Brandenburg state Interior Minister Karl-Heinz Schroeter told reporters the package was part of a scheme to extort millions of euros (dollars) from delivery company DHL. It was delivered Friday to a pharmacy on the same street as the market in the city Potsdam and later destroyed in a controlled explosion.
Schroeter said the market itself most likely wasn't a target. The person who sent the parcel was still at large, he said. Officials declined to say if they had any clues about the sender's identity.
An online company in the town of Frankfurt an der Oder received a similar package at the beginning of last month.
Police initially said the package contained "a cylindrical object with cables, batteries and nails" but lacked an ignition mechanism and wasn't viable as a bomb. They now think it could have exploded, though didn't elaborate why.
Along with the device, the package held a letter that directed investigators to an online message outlining a blackmail plot and mentioning the parcel delivered to the Frankfurt an der Oder company, Schroeter said.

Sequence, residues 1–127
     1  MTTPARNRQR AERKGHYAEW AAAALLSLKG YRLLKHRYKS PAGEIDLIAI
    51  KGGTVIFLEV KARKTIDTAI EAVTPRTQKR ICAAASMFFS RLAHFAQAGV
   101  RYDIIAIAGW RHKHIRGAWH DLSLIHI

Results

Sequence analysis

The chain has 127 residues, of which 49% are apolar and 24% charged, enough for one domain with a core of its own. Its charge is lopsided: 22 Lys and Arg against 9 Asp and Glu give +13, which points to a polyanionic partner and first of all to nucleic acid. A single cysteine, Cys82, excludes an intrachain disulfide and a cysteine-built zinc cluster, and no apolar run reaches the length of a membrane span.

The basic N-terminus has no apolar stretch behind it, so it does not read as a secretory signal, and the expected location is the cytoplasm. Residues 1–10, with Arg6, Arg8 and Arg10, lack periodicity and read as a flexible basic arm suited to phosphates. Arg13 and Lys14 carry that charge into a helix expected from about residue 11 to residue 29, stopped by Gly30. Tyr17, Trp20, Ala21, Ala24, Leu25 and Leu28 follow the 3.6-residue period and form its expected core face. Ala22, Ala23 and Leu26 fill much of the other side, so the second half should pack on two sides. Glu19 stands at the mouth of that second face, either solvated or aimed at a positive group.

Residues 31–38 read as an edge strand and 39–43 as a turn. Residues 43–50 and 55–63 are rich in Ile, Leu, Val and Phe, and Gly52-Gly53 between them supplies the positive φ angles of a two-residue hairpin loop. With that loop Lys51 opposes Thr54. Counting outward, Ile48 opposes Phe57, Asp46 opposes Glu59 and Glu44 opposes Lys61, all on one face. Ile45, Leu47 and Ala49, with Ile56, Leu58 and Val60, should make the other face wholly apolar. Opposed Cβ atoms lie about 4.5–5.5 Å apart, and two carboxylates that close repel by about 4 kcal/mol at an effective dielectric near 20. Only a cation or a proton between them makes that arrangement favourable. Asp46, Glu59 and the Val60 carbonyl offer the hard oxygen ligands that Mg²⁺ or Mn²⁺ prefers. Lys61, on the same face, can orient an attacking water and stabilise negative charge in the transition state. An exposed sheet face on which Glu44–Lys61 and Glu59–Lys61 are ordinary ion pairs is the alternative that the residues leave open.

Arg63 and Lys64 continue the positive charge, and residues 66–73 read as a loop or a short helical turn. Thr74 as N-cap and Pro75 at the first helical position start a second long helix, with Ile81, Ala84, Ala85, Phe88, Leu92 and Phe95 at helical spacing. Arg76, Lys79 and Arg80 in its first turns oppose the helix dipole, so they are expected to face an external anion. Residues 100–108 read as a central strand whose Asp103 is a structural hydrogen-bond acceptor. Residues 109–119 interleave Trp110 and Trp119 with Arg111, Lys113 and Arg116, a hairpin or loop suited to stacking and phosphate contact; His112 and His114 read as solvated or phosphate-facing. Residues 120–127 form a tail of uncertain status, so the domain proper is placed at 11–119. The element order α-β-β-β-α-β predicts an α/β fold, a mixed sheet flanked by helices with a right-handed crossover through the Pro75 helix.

Further attempts to extort money from other companies or private individuals are likely, he said. An unknown sender, spelling mistakes or wires hanging out of a package could all be indications of a letter bomb, he said, adding that police had activated a hotline to field concerns.
"If you get a suspicious package, do not open it. That could lead to an explosion," Schroeter said.
The package triggered the evacuation of a popular Christmas market in downtown Potsdam on Friday afternoon. The market was re-opened Saturday with an increased police presence.
Germans are still tense almost a year after a terror attack on a Christmas market in Berlin killed 12 people. Markets across the country have heightened security this year, while the government has warned that Germany remains a target for extremists.
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